Wednesday, August 20 2014 9:47 PM EDT2014-08-21 01:47:16 GMT
With classes beginning on Monday, the University of Louisville says it still hasn't gotten word from the NCAA Clearinghouse on 6-9 signee Jaylen Johnson. Rick Pitino said his high school was slow submitting his paperwork.More >>
With classes beginning on Monday, the University of Louisville says it still hasn't gotten word from the NCAA Clearinghouse on 6-9 signee Jaylen Johnson. Rick Pitino said his high school was slow submitting his paperwork. More >>
Follow the WDRB Newsroom, Reporters and Anchors.More >>
Tweets from the WDRB Newsroom, Reporters and Anchors.More >>
LOUISVILLE, Ky. (WDRB) -- The history of the Kentucky Derby collided today with one of the most important events in the history of the world, as some special visitors got a close-up look at the Derby colt, Normandy Invasion.
When it comes to the Derby horse, Normandy Invasion, the name is more than just a name. For these men, the Normandy Invasion was a matter of life and death.
They were there, nearly 70 years ago; D-Day. The turning point in the battle for Europe in World War II.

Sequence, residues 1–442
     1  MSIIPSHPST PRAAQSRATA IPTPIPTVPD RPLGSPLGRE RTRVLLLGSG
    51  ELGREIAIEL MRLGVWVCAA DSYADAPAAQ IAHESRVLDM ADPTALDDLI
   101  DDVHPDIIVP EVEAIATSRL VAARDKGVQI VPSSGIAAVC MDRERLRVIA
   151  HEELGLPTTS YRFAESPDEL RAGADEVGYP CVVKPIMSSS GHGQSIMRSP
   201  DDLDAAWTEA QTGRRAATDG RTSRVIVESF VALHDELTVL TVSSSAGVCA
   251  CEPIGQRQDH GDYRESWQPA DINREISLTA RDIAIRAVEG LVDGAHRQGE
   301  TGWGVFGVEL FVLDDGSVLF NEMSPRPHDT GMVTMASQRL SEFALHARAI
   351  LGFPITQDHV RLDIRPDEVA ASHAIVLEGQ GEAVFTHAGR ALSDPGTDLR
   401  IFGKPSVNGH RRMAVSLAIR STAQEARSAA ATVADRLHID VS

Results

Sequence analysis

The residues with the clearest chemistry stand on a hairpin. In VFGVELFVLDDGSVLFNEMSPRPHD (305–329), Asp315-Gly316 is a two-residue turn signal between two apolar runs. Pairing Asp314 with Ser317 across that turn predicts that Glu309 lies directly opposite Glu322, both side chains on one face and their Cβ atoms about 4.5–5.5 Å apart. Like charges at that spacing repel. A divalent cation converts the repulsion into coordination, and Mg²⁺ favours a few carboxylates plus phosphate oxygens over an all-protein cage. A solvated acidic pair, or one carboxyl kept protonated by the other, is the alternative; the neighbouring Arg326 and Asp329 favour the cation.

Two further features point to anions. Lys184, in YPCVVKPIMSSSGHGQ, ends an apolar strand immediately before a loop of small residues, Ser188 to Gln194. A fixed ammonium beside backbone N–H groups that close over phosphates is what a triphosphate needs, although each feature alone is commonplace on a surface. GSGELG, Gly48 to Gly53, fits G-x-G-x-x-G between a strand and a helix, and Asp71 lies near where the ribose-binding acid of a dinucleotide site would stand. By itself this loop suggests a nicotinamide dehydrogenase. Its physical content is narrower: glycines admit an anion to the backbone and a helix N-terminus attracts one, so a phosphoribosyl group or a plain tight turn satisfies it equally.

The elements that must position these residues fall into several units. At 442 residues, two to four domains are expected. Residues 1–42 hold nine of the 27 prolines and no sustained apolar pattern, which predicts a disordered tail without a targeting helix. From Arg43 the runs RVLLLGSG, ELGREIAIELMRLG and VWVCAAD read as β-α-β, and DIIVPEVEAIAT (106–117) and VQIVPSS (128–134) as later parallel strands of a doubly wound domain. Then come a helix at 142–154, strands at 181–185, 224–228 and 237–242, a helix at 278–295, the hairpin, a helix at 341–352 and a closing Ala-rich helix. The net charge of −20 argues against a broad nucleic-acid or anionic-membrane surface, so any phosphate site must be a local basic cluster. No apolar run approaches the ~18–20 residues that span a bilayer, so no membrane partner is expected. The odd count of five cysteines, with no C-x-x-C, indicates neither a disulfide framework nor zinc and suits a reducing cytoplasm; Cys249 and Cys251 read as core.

"It represents the greatness of the United States of America. And, you know, we're getting on 70 years now, and the young chaps have forgotten," said Normandy veteran Alan Reeves.
That's why the owner of Normandy Invasion, Rick Porter, brought these heroes of Normandy to Churchill Downs; to see the horse named for the battle they won, and to remind us all of their sacrifice.
"It's terrific after all these years to have something named after what you did that many years ago. It's great," said Normandy veteran Ray Woods.
"We're proud of what we did. So we're here because of that horse and what it represents on D-Day," said Reeves.
Porter says he was inspired after a trip to the beaches of Normandy.
"These guys have given us our freedom and the liberty that we have," he said.
For Bill Wilch, this was an especially emotional experience.
"I brought my wife's picture with me because she always wanted to come here. She passed away before we could get here, and then he comes up with this. Unbelievable," he said.
All four men will be in the stands on Derby Day, cheering on this horse; their horse.
"He's got to win. Just has to. If he's a lucky as the rest of us here, he'll win," said Woods.
"There's no such thing as a sure thing in horse racing, but we're going to win this race for Normandy Invasion. Wait and see," said Reeves.
If Normandy Invasion has even half the courage of these men, it will be in the Winner's Circle on Derby Day.